I read The New York Times religiously every morning, in the ink-on-paper version (!), and am thankful that in our increasingly post-print age this institution survives and continues to give me a daily window on the world with plenty of style and personality. Two recent articles stand out for their authors' willingness to seek out some of the deeper layers of story beneath the surface news.
Television critic Ginia Bellafante's "Necks Overflowing With Rivers of Metaphor" was a fun piece about HBO's "True Blood" that sought to answer the question I have asked many times: What's with the vampire thing? She interviewed show creator Alan Ball, who:
works aggressively to prove what a fired-up liberal he is. As if we've consistently skipped those parts of the newspaper that have recounted the scandals of Jim Bakker or Ted Haggard, Mr. Ball insists on telling us that right-wing religious extremism is frequently linked with an untenable moral and sexual hypocrisy.
A Congressional candidate who makes vampire bashing (read: gay bashing) part of his platform is buying V, vampire blood with a Viagra effect on civilians, from a drag queen on the black market. Mr. Ball, as he did in "American Beauty," which he wrote, and "Six Feet Under," which he created and where eros and thanatos did battle every week, shoots his metaphors as if activating an armed squadron. Standing in for a hundred Jerry Falwells and the Curse of American Sexual Paranoia, one detractor on the show declaimed, "Vampires have taken our jobs and our women, and their very blood turns our children into addicts, drug dealers and homosexuals!"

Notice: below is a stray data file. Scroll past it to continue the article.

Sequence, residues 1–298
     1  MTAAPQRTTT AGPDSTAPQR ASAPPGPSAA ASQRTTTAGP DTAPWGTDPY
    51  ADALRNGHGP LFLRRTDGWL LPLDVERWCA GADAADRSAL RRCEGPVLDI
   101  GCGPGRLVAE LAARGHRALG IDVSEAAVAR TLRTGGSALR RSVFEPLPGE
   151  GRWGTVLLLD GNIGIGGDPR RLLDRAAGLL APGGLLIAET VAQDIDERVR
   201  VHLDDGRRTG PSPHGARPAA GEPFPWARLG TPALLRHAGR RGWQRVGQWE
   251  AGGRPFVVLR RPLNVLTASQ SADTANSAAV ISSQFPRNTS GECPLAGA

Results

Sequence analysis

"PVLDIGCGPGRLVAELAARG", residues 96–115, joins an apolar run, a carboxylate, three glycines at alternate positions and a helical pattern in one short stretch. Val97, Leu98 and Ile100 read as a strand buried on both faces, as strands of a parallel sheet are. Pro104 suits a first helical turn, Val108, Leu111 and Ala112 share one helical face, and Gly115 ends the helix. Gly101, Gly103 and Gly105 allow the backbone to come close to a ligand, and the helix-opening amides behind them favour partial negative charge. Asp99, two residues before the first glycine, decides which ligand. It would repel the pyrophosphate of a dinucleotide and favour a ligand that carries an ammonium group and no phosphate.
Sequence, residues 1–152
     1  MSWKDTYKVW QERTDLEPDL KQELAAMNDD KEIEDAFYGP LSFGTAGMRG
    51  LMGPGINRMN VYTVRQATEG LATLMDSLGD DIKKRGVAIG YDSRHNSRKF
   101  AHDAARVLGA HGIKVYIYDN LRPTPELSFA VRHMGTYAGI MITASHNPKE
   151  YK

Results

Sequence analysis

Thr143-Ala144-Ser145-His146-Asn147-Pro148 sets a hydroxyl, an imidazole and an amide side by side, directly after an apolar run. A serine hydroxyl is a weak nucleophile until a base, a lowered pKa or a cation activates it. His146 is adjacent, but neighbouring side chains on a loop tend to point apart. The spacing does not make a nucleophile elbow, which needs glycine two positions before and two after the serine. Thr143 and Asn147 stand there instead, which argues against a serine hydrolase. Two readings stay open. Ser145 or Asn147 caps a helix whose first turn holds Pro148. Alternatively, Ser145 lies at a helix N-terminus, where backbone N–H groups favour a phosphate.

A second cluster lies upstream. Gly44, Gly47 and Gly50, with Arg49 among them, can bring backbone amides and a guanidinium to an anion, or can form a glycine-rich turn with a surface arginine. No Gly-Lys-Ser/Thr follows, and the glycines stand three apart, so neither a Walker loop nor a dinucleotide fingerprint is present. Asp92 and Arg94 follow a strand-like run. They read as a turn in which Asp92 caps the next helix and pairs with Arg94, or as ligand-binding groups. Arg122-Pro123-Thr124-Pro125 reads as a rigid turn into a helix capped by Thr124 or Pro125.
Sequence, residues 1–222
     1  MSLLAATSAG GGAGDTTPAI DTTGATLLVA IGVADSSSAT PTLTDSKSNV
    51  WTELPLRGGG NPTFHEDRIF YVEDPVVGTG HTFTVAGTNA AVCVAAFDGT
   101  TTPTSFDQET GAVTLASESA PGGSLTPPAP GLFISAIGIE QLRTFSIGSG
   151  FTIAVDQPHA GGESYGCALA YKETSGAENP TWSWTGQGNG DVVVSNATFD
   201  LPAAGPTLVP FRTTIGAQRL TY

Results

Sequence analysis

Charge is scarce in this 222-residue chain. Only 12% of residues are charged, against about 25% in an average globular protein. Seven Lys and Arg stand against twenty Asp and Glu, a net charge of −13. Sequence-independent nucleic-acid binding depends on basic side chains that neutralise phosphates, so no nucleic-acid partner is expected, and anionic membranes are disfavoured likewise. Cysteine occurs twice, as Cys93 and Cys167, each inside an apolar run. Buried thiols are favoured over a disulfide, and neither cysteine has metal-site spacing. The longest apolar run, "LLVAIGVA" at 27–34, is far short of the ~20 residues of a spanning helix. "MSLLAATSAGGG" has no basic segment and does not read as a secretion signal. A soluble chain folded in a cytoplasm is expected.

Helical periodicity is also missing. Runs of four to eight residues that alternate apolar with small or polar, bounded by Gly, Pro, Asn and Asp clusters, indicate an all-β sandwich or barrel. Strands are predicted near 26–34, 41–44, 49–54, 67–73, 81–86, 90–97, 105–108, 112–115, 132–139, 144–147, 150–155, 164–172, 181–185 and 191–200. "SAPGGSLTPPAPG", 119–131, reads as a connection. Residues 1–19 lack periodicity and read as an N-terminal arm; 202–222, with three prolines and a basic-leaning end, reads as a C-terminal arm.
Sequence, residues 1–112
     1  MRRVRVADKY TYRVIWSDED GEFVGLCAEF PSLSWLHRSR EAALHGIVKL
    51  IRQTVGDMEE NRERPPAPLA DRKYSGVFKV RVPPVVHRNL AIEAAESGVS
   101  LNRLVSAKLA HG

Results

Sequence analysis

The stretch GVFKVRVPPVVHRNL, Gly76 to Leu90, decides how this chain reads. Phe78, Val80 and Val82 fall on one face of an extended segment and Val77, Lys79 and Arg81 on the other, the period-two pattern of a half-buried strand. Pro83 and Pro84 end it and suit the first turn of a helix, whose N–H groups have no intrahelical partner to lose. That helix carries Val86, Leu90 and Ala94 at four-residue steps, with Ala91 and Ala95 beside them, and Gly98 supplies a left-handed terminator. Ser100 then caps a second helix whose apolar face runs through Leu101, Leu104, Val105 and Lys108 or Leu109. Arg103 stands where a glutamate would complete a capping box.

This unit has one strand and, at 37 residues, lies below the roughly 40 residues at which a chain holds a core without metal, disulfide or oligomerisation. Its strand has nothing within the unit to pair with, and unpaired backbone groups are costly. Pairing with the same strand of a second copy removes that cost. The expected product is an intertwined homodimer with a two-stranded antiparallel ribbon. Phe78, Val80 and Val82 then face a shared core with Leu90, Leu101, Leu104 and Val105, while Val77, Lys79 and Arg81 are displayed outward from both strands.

The current season has set up a showdown between a psycho Christian cult called the Fellowship of the Sun, which runs a kind of conversion camp called the Light of Day Institute, and the vampires (and vampire sympathizers) the cult aims to destroy.
Kudos to Bellafante for letting readers know about both the show's religious subtexts and Ball's motives without embracing them or assuming we will do the same. But shouldn't there be some kind of statute of limitations on identifying Jerry Falwell, who died in 2007, as the epicenter of anti-gay (or anti-vampire) activism?
Meanwhile, over in the sports section, Pete Thamel writes about Florida football star Tim Tebow, who:
has a chance during his senior year at Florida to establish himself as one of the most accomplished and recognizable athletes in collegiate sports history. But when Tebow talks about the long-term future, his ultimate hope is that football will provide a way for him to run a charitable empire.
With the same passion he has when he speaks about his teammates, his coaches and winning a third national title, Tebow talks of wide-eyed dreams of opening orphanages, a prison ministry, youth ranches and granting wishes to underprivileged children.
"It's just what my heart is, helping," Tebow said. "That's what I feel passionate about, is trying making a difference for people who can't make a difference for themselves."
The article, which describes Thamel's visit to an orphanage in the Philippines that Tebow supports, provides valuable insight into the charitable work of a Heisman-winning quarterback. But the article left one question unanswered.
Even though the piece uses religious words (Tebow "preaches," his parents are "missionaries," his father is an "evangelist") it never identifies Tebow's religion. Is he a Muslim? A Theosophist?
This was a good article about a devout sports celebrity who wants to use his platform to change the world. It would have been even better if it had helped readers do a better job of connecting the dots between Tebow's faith and his philanthropic work.